To me, an executive coach is someone who helps you think through the issues, grounds you in who you are when you are at your best, who you want to be, giving you those reflections. Holding up that mirror and helping you see the best in you. At the same time, helping you improve what makes you the best and helping you see where you should be focused to have the right impact. That is what really makes us feel purposeful and self-actualized. That professional satisfaction from using an executive coach, to me, is really where the sweet spot for coaching is.

Dr. Relly Nadler: Cathy, you brought up a term that I’d like to describe is a “thinking partner.” What is interesting, both Cathy and I are on the faculty of The College of Executive Coaching with Dr. Jeff Auerbach, so we train people in organizations to be executive coaches. One of the things that I usually say to someone in coaching, first is, “have you ever had a coach before?” I’m always surprised that most people haven’t. Probably 25% have.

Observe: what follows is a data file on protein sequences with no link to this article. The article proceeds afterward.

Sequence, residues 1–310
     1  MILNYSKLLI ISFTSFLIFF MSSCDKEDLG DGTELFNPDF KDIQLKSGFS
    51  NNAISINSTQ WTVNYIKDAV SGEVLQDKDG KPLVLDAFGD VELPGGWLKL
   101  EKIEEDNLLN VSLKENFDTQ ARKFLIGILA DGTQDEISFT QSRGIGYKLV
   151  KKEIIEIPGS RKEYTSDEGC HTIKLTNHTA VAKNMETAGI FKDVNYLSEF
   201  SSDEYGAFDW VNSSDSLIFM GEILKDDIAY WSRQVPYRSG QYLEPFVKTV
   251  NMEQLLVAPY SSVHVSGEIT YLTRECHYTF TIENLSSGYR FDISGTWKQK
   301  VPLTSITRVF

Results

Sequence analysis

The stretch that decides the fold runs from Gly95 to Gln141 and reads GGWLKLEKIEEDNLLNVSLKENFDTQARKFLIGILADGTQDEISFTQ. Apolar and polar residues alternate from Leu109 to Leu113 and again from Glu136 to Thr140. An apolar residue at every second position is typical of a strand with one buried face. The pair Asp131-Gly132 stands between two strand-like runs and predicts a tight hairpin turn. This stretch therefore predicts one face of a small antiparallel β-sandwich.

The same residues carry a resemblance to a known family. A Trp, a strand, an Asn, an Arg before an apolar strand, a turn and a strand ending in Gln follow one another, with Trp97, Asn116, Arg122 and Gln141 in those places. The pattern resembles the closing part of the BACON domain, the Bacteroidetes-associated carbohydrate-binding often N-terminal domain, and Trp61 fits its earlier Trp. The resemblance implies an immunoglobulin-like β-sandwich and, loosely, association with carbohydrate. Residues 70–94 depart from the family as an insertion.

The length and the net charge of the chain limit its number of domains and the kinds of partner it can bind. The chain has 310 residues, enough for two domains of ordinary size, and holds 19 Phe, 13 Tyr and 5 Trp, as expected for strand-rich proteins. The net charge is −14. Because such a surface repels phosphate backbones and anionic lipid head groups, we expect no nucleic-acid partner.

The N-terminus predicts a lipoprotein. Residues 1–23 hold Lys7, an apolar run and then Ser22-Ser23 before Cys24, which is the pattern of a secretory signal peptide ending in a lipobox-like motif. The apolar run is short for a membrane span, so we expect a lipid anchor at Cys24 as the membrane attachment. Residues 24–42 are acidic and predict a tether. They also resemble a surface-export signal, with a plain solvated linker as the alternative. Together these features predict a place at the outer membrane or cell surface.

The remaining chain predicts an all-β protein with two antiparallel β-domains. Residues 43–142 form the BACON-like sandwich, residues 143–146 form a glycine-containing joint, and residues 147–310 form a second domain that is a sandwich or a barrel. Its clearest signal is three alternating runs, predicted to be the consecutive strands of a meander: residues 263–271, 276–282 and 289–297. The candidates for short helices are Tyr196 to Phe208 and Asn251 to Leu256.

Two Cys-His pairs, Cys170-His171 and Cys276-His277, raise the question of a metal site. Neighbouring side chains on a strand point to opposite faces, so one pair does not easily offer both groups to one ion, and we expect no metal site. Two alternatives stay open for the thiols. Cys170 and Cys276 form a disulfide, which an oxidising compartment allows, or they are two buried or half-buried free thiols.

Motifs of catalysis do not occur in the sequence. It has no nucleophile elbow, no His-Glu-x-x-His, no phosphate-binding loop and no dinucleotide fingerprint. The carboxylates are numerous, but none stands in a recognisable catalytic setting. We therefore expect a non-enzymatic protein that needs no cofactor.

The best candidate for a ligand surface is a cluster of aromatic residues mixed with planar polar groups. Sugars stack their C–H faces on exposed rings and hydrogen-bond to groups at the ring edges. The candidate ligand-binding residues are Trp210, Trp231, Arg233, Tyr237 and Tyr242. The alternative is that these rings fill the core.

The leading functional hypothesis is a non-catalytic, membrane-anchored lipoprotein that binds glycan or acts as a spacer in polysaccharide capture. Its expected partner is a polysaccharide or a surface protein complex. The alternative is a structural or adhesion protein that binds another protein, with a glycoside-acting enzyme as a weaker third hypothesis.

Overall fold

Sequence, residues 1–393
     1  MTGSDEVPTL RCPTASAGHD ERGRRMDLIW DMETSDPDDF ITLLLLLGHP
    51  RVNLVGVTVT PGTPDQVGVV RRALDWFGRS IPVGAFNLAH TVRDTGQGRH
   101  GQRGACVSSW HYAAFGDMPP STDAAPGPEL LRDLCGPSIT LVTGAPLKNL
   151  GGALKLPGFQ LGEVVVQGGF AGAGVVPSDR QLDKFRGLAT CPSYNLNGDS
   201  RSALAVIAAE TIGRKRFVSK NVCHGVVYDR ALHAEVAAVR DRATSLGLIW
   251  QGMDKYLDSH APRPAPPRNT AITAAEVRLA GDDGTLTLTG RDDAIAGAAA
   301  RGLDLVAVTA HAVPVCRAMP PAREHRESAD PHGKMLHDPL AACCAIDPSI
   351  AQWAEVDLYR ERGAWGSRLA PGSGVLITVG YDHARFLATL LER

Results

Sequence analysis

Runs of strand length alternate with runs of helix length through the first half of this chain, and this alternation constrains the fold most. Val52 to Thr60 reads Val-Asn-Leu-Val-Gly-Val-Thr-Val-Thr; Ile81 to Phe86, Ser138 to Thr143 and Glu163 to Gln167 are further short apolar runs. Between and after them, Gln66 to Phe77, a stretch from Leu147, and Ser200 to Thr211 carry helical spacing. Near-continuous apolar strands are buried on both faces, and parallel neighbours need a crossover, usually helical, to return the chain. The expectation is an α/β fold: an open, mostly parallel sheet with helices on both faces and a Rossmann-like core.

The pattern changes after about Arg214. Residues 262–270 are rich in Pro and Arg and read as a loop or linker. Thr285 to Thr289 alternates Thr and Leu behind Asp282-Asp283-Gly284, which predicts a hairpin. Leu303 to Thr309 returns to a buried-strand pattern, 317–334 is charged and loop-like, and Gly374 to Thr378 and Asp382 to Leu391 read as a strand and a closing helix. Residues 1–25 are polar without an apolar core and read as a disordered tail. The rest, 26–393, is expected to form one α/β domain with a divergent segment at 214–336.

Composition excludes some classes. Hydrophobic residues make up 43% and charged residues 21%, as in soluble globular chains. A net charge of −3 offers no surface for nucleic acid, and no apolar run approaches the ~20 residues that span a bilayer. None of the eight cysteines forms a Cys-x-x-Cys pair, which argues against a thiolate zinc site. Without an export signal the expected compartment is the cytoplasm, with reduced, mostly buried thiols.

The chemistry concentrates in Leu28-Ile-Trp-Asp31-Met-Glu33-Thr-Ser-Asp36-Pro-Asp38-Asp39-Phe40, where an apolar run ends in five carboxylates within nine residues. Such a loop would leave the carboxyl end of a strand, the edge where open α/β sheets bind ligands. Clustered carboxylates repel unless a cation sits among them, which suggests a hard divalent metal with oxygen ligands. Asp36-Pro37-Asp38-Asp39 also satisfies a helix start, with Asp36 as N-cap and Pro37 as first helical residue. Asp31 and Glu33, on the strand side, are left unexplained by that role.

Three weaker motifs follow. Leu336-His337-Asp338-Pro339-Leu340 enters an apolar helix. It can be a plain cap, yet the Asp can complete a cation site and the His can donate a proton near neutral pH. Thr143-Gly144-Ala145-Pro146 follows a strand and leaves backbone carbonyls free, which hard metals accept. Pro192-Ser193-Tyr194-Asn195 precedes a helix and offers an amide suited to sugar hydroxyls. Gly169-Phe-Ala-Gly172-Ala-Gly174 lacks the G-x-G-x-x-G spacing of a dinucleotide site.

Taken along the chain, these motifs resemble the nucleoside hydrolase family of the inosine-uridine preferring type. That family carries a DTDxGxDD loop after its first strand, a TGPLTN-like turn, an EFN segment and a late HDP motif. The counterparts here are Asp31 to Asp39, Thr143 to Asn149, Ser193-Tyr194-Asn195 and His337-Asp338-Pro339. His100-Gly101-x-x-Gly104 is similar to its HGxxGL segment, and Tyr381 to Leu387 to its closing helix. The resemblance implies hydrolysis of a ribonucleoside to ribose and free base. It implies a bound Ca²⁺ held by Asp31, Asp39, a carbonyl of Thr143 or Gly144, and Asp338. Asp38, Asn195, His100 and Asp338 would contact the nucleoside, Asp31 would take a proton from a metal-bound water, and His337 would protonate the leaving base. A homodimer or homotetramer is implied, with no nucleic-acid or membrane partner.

I would describe this “thinking partner”; there are three aspects. I typically say to the person, well, let me tell you about coaching. I’m a thinking partner with you and for you. What that means is that what we are going to talk about, you have thought about, but going back to the research I just stated, they probably haven’t thought about it a lot. the three aspects are:

  1. There’s a depth quality: We will have organized time and we will go deeper into the things that are important to you, like Cathy said.
  2. Breadth of resources: Not only do we want to go deeper, but lets go wider into bringing resources; the iApps, books, and free tool. Let’s bring resources to what you think about as most important.
  3. Accountability: In any kind of change program whether it is exercise or diet, having an accountability partner is important.

Executive Coaching Means:

  • Helping people perform at their best.
  • Helping them find the best of themselves.
  • Asking them the powerful questions that they may need in order to create a breakthrough.
  • Helping them think through the issues.
  • Grounds you of who you are at your best.
  • Helps improve what makes you the best.
  • Helps to see where you should be focused to have the right impact.

Learn more about Executive Coaching, the challenges, tools, how to maintain performance gains, and what the process is. Listen to the complete recording of our discussion, without commercials, above.

Thank you,